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Geghard Monastery is a medieval monastery in Armenia named after the spear that stabbed Jesus

Marija Georgievska

Geghard is a medieval monastery in the Kotayk province of Armenia, partly carved out of a mountain.

Though the monastery has been around since before the 4th century, the main cathedral was built in 1215. It contains a number of churches and tombs which illustrate the very peak of Armenian medieval architecture.

The complex of medieval buildings is set against a landscape of great natural beauty, at the entrance to the Azat Valley.

Geghard Monastery. Photo Credit

Geghard Monastery. Photo Credit

According to tradition, the monastery was founded by St. Gregory the Illuminator.

The site where St. Gregory chose to build the monastery was a spring arising in a cave that was regarded as sacred prior to the arrival of Christianity.

The monastery was founded by St. Gregory the IlluminatorPhoto Credit

The monastery was founded by St. Gregory the Illuminator. Photo Credit

According to the Gospel of John, Jesus was stabbed in his side by a lance whilst hanging from the cross.

It is believed that this monastery possesses the spear that stabbed Jesus. From this belief comes its present name, Geghard-avank – “The Monastery of the Spear”.

This made it a popular place of pilgrimage for Armenian Christians over many centuries.

Jamatun-first rock-cut chamber. Photo Credit

Jamatun-first rock-cut chamber. Photo Credit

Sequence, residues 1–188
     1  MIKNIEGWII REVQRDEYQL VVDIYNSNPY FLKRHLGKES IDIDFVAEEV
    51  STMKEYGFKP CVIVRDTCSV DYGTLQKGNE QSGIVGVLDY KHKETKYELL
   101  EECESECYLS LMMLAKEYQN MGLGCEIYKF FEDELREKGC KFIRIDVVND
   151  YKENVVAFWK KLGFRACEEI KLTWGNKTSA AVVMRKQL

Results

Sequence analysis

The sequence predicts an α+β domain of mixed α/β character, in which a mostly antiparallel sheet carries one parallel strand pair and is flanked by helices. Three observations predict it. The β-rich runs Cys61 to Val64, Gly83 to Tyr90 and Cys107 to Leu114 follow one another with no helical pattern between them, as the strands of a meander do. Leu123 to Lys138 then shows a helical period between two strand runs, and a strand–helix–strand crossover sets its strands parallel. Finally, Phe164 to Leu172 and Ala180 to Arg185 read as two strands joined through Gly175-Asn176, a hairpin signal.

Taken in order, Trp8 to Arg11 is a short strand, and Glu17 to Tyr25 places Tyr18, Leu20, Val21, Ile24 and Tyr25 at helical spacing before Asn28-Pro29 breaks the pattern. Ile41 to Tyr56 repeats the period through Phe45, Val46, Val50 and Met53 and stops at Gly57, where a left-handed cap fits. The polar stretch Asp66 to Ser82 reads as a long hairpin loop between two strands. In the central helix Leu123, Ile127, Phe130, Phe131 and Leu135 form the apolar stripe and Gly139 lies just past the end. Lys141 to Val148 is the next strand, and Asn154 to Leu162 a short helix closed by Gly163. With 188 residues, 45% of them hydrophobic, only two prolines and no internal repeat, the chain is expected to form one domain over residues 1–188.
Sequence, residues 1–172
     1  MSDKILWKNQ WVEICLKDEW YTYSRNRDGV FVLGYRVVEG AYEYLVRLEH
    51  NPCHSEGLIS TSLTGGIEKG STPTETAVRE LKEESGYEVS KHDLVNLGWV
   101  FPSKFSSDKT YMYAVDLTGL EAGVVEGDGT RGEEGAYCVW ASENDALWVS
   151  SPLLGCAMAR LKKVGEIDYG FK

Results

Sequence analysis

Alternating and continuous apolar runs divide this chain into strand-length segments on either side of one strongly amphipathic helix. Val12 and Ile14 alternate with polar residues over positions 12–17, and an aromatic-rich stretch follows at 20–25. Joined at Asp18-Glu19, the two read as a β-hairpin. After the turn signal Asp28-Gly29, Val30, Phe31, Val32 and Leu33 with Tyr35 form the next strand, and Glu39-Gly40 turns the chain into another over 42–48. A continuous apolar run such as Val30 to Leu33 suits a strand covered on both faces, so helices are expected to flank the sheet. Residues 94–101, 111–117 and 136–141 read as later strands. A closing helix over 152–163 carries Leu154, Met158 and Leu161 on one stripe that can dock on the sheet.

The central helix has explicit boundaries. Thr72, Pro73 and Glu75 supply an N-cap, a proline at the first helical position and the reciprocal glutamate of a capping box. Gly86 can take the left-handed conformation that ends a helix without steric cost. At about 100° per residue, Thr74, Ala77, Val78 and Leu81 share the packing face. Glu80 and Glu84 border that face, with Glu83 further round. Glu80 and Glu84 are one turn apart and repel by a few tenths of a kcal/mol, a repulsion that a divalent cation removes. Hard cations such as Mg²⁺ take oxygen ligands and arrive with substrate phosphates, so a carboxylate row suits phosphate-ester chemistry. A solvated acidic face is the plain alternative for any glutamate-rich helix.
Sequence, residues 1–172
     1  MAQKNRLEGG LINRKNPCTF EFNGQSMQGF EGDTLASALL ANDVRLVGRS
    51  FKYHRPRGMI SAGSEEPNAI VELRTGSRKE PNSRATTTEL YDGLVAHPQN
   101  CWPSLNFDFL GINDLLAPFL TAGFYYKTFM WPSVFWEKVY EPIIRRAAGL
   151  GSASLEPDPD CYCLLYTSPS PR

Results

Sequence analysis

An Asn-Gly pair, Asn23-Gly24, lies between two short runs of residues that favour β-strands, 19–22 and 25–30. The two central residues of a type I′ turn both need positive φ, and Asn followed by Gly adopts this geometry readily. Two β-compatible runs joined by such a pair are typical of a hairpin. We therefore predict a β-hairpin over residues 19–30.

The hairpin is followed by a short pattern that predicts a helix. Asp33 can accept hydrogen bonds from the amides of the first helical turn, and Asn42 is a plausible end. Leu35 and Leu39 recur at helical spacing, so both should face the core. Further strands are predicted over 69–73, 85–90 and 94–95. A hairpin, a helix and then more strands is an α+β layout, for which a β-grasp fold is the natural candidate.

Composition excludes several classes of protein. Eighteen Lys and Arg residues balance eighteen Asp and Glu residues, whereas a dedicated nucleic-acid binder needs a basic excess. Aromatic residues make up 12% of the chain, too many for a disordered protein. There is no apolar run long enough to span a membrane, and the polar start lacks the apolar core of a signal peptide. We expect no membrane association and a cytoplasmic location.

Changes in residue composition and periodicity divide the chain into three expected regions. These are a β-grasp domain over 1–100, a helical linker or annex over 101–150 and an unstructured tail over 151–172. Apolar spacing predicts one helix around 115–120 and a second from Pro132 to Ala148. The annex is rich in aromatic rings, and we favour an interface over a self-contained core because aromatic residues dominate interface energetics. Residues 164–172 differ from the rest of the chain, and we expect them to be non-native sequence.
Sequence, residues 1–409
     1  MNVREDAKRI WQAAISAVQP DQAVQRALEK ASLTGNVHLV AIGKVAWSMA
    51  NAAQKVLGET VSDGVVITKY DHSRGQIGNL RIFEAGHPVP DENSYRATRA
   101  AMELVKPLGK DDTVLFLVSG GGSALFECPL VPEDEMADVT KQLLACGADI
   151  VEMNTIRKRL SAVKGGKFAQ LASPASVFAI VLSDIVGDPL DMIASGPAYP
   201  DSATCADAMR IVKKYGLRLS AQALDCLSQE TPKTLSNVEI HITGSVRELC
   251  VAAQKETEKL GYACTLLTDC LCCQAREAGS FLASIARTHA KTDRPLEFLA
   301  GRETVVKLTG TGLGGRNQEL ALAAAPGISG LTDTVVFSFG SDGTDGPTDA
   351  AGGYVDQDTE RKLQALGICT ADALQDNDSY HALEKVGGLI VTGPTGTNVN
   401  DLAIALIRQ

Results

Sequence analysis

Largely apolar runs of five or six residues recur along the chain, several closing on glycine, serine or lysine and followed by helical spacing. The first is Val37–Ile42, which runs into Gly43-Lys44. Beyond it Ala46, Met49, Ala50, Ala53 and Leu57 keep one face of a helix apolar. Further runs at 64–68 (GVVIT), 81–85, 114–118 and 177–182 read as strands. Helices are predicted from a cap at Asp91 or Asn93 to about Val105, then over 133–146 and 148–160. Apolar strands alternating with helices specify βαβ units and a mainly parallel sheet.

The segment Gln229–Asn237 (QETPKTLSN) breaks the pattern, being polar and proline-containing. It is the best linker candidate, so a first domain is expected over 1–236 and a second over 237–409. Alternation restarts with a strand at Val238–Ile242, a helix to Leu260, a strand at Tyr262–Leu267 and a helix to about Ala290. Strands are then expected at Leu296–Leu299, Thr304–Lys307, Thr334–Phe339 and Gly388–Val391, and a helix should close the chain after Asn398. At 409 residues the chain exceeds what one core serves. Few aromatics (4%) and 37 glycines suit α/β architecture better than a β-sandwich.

The monastery was destroyed in the 9th century AD by the invading Arabs, and then re-established at the end of Muslim rule in Armenia.

The most ancient part of the monastery is the chapel of St. George and it is located to the east of and outside of the main monastery complex.

It is partly hewn in massive, solid rock and its composition was largely influenced by the shape of the cave which existed there.

At the approach to the main entrance on the west there are small caves, chapels, carvings and constructions on the hillside. Photo Credit

At the approach to the main entrance on the west, there are small caves, chapels, carvings and constructions on the hillside. Photo Credit

 

Geghard gavit. Photo Credit

Geghard gavit. Photo Credit

Another unique place in the complex is the vestry, gavit.

It is a rick-attached vestry west of the main temple built between 1215 and 1225, linked to the main church.

Restored for tourist purposes but now with a small ecclesiastical presence, the site is still a major place of pilgrimage. Photo Credit

Restored for tourist purposes but now with a small ecclesiastical presence, the site is still a major place of pilgrimage. Photo Credit

There are four massive free-standing columns in the center that support a roof of stone with a hole in the center to admit light.

The gavit was used for teachings and meetings, and for receiving pilgrims and visitors.